martinservices

Posts

Firewood Crackle

When you place a log onto a fire it begins to heat and to burn, but it is not as solid as you might believe. Inside the wood there is a lot of very small pockets and pores which contain fluids such as water and sap.  As the wood burns these fluids heat up in the same way as they would if they were heated on your stove and will eventually boil and create steam. This steam finds itself trapped within the tiny gaps in the structure of the log and will exert an increasing amount of pressure on the surrounding wood. Eventually, the wood gives way and will split to release this steam into the fire. The sound you hear is the sound of what is actually a mini-explosion that results in the wood rupturing.

Typically, logs have a somewhat less than uniform structure.  As well as having many very small pockets within them.  When steam build up in one of the larger areas, they can generate sufficient pressure to cause a slightly greater explosion that can be strong enough emit a loud crack as it shoots a piece of burning wood debris some distance from your fire.  This is why it is always very sensible to protect an open fire with a screen or to ensure that your stove’s door is closed or if outside maintaining a minimal clear distance from the fire.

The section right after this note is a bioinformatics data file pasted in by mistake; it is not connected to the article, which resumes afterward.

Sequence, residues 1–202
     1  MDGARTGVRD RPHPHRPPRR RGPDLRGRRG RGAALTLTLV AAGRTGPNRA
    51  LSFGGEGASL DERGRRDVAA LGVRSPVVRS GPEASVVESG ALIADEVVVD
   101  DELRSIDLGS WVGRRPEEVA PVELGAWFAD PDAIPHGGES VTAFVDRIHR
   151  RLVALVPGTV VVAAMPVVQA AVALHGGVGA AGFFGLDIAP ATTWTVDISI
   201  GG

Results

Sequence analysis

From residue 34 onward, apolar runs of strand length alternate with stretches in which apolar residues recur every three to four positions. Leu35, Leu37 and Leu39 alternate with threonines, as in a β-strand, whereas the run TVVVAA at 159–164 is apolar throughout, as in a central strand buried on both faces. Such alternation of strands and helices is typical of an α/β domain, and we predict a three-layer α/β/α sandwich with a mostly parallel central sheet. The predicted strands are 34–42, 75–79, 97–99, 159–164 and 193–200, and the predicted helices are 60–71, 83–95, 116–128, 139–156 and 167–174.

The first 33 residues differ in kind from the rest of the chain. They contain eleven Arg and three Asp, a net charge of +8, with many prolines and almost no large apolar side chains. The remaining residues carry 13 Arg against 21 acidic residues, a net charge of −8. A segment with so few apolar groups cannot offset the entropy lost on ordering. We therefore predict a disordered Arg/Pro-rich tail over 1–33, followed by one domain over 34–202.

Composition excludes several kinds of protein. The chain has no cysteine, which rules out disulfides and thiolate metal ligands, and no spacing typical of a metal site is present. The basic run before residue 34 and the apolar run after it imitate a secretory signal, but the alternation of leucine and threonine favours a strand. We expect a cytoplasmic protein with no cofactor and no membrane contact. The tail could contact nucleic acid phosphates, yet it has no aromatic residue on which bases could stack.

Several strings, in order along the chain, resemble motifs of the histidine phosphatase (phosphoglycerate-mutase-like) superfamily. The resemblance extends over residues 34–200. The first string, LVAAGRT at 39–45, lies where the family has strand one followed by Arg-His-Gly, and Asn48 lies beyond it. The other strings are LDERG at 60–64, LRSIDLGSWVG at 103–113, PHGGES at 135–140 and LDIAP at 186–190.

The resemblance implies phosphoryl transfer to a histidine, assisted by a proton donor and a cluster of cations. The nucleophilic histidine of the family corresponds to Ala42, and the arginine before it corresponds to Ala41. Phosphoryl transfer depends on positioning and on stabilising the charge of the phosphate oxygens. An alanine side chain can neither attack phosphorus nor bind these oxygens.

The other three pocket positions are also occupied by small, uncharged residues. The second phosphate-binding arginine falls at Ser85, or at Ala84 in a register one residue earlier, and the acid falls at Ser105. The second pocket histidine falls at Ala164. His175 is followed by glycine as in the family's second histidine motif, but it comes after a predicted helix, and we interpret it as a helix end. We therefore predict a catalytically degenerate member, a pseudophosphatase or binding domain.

The wetter the firewood the more it will snap, crackle, spit and splutter which is due to the higher volume of water trapped inside the log. A green log will have a moisture content in excess of 50%, which as well as causing the fire to splutter, hiss and crackle will also reduce the temperature of the fire in exactly the same way as if you had poured water onto it! If the temperature of the fire isn’t high enough to ignite the gases that exist, they will instead dissipate alongside any unburnt wood in the form of smoke and soot. So, although you may hear lots of lovely crackling, this type of wet firewood will fail to generate a decent volume of heat. It will instead generate a lot of smoke and leave unwanted sooty deposits in your chimney or stove.

So, is that crackling fire such a great thing after all?  Probably not for those of us who like to heat our homes efficiently without a lot of smoke and soot or risking a house fire as shards of burning wood land on the carpet.  In short, while the snap, crackle and pop of a burning fire might sound appealing it is probably better confined to an outdoor fire, than in a fireplace!